'Happy New Year!', with a bittersweet smile

By Martin Rama   February 19, 2018 | 07:41 pm GMT+7

How a song by Swedish group ABBA reveals a turbulent period of Hanoi history.

As the Lunar New Year approaches, the old ABBA song “Happy New Year!” is played again and again, almost in a loop, by radio stations and city shops in and around Hanoi. Elsewhere in the world the Swedish band ABBA has become a distant memory, vaguely remembered as a cheerful and slightly tacky group whose music was very successful… but not particularly inspiring. However, Hanoians of all ages know the song. And most of them love it!

In fact, ABBA’s “Happy New Year!” is probably the most spirited and revered song of Vietnam after "Tiến Quân Ca", the epic national anthem written and composed by Văn Cao in 1944. How it came to be seen that way is very telling about the history of Hanoi.

Back in the 1980s, in the middle of the subsidy period, Vietnam was mostly closed to the outside world. The only links with foreign countries were with brotherly nations in the Soviet Bloc. Foreigners were rare in Hanoi. There were just a few Russians around, visiting as part of cooperation missions. Comparing with the war period, Hanoians saw them like “Americans without the dollars”.

But there was one, only one, Western country that maintained a close relationship with Vietnam. That country was Sweden. Driven by strong ethical principles, and rightfully indignant about the absurdity and the carnage of the American War, Sweden was unusual in having an embassy in Hanoi, and a large development cooperation program with Vietnam.

Olof Palme was the Swedish Prime Minister at the time. A fierce critic of the foreign policy of both the United States and the Soviet Union, he was known for his uncompromising non-alignment, and for his support of Third World countries. Among other daring initiatives, he was the first Western head of government to visit Cuba after its revolution. In 1986 he was assassinated in the streets of Stockholm, as he was leaving a movie theater with his wife. He was probably the only head of state who didn’t have personal security, or body guards. Why and by whom he was murdered remains a mystery.

Olof Palme was adamant in Sweden supporting Vietnam’s priorities, whatever these were. In the late 1960s an agreement was signed between the two countries to build a paper mill that would tap Scandinavian expertise in this sector. The paper mill would be located in Bãi Bằng, about 90 kilometers northwest of Hanoi. With an investment close to 500 million dollars of the day, the project was very large for a small country like Sweden. And in the end the cost escalated to almost four times the original budget. This was no doubt a very generous undertaking, paid for by Swedish taxpayers.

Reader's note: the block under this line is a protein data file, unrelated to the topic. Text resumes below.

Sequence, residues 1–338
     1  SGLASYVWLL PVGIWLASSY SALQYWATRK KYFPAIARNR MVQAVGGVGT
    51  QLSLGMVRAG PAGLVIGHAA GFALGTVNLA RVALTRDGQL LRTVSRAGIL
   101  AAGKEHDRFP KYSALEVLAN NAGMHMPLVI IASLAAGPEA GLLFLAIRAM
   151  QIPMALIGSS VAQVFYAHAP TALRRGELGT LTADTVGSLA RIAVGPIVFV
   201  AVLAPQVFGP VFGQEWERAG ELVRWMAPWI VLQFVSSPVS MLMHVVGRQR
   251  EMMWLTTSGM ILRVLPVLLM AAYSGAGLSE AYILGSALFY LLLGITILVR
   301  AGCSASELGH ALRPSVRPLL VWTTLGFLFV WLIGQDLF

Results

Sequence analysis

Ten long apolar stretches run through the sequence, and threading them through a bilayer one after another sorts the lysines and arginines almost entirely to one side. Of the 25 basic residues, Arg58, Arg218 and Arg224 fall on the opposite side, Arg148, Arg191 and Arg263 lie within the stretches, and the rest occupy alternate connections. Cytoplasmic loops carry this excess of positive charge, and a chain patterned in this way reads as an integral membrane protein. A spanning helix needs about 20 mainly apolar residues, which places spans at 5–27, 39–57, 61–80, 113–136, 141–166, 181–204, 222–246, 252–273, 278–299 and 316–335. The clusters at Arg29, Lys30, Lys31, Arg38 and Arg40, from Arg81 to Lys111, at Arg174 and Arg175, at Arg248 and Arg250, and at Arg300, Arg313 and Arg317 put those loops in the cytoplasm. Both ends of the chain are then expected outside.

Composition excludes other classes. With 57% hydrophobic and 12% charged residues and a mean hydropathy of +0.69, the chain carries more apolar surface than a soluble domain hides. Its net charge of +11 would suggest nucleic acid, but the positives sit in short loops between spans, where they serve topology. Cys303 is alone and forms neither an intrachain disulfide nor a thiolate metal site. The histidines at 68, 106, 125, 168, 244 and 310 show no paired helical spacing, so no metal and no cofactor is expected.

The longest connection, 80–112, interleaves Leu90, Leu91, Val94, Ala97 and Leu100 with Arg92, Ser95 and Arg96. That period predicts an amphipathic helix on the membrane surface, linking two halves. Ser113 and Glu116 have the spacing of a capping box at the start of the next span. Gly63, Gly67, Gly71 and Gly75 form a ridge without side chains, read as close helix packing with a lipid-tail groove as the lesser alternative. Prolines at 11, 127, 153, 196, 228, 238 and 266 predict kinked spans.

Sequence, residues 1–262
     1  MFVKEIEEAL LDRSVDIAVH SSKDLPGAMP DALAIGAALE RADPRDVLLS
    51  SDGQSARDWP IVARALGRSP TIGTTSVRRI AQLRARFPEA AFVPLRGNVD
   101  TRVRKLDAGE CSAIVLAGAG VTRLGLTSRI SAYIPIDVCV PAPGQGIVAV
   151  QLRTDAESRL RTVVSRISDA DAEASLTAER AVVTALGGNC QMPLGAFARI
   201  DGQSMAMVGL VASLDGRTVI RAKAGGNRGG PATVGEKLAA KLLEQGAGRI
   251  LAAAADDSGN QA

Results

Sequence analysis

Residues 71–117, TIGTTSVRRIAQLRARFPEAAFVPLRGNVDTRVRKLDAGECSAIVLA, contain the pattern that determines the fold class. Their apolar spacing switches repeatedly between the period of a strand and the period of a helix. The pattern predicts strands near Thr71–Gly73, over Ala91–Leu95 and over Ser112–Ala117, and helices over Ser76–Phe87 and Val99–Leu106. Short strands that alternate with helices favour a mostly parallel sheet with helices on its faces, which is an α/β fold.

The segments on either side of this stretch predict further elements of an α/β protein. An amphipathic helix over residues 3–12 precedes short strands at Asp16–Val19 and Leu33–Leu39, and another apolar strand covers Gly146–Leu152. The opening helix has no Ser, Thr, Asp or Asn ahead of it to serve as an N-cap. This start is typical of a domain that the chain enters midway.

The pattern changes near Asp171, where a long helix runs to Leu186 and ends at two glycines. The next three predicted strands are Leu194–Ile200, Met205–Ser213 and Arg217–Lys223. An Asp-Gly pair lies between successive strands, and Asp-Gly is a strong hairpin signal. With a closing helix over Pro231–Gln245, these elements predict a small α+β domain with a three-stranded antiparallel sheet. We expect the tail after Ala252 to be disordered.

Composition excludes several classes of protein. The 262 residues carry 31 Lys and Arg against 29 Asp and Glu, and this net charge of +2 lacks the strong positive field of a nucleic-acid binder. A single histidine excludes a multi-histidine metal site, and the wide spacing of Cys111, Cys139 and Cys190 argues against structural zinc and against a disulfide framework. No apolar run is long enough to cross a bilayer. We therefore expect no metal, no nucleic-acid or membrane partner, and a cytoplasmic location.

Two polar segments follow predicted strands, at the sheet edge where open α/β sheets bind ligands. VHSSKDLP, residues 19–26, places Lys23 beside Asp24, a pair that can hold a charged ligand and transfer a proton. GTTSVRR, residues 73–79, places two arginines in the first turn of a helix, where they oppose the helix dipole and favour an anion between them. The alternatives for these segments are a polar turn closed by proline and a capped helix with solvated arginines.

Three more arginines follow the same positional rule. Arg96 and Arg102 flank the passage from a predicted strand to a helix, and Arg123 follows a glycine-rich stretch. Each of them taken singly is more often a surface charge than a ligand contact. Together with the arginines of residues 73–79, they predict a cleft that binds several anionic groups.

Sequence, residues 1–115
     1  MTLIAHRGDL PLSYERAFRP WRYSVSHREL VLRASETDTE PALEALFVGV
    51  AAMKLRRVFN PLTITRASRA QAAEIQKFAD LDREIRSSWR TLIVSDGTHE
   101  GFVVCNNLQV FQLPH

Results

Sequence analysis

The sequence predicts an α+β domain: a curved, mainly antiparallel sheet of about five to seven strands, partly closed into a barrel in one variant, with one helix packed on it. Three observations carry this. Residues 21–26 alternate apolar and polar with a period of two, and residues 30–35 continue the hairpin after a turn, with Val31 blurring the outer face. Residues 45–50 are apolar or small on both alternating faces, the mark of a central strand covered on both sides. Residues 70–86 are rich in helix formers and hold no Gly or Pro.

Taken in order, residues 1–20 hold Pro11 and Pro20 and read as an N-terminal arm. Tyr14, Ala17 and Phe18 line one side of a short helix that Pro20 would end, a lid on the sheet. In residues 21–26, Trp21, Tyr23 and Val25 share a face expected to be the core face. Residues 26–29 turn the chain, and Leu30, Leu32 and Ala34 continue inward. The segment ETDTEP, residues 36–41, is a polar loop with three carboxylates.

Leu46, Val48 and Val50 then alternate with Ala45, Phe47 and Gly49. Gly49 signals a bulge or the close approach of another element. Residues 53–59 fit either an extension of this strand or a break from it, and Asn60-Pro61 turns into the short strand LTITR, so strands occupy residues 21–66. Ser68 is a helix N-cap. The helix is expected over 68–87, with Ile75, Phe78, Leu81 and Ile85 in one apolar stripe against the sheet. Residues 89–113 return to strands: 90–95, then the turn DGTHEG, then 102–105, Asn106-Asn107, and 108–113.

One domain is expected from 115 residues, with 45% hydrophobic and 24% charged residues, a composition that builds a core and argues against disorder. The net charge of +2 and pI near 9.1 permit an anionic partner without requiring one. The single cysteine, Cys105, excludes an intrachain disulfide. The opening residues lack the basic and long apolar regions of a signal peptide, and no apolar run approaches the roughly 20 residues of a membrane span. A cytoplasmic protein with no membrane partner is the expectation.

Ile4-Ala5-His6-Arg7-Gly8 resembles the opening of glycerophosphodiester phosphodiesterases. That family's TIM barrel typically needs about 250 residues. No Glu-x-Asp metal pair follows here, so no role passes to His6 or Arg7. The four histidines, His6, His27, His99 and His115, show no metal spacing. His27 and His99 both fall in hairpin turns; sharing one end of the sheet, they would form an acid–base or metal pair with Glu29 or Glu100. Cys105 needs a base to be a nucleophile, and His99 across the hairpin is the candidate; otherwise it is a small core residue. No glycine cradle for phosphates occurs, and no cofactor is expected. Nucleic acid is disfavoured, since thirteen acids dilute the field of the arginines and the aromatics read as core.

It took many years to get the paper mill up and running. But eventually a small Swedish-looking village made of wooden cabins emerged in North Vietnam. Tall blond inhabitants and sauna spas gave it a look that was unmistakably non-Vietnamese. But many of the Swedish experts that came to help with the project fell in love with the country. Quite a few ended up getting Vietnamese partners, marrying locally, and never going back.

Together with the paper mill, the sauna spas and the tall blond Swedes came the music of ABBA. The Vietnamese authorities of the time were very suspicious of Western influences. There was a fear that foreign cultural products could surreptitiously corrupt socialist ideals and values among the population. But Sweden was a trusted and tested ally.

From the time of Reunification to right before Doi Moi [period of market based economic reforms since late 1980s], the Swedish band ABBA was one of the most successful groups in the history of popular music, worldwide. Its songs were officially welcome in Vietnam, indeed celebrated as part of the culture of a close friend. But for ordinary Hanoians the glossy looks of the group and their easy music became the synonym of affluence and cheerfulness

The official acceptance of ABBA songs happened at a time when scarcity raged and there was very little to be celebrated in Vietnam. Hanoians could be queuing in endless lines with their ration cards in hand, just to get some meager portion of rice. Cultural life was minimal, debate was almost non-existent. But ABBA’s songs were there to remind them that there was a prosperous and optimistic world outside of Vietnam, one that reflected the deep aspirations of Hanoians for their country and their own families.

There is however some irony in the unwavering love of Hanoians for ABBA’s “Happy New Year!” In reality the lyrics were not that cheerful:

No more champagne

And the fireworks are through

Here we are, me and you

Feeling lost and feeling blue

It's the end of the party

And the morning seems so grey

Few people in Vietnam spoke Swedish at the time, and the English version was only released many years later. So the sorrow of the lyrics went mostly unnoticed. But it contained at hint of disappointment with ideals of brotherhood and love. “May we all have a vision now and then, of a world where every neighbor is a friend […] “may we all have our hopes, our will to try, if we don't we might as well lay down and die.”

Unknown to Hanoians, what this most beloved ABBA song exposed was not so much the contrast between Western happiness and Vietnamese frustration. Or between the prosperity of a market economy and the deprivation of the subsidy period. “Happy New Year!” is about the shared hope for a better world, against the odds, even if we are “feeling lost and feeling blue”. Which is what we all wish when we say “Chúc mừng năm mới!”, with a bittersweet smile on our faces.

* Martin Rama is the Chief Economist for the South Asia region of the World Bank. The views expressed here are his own.

 
 
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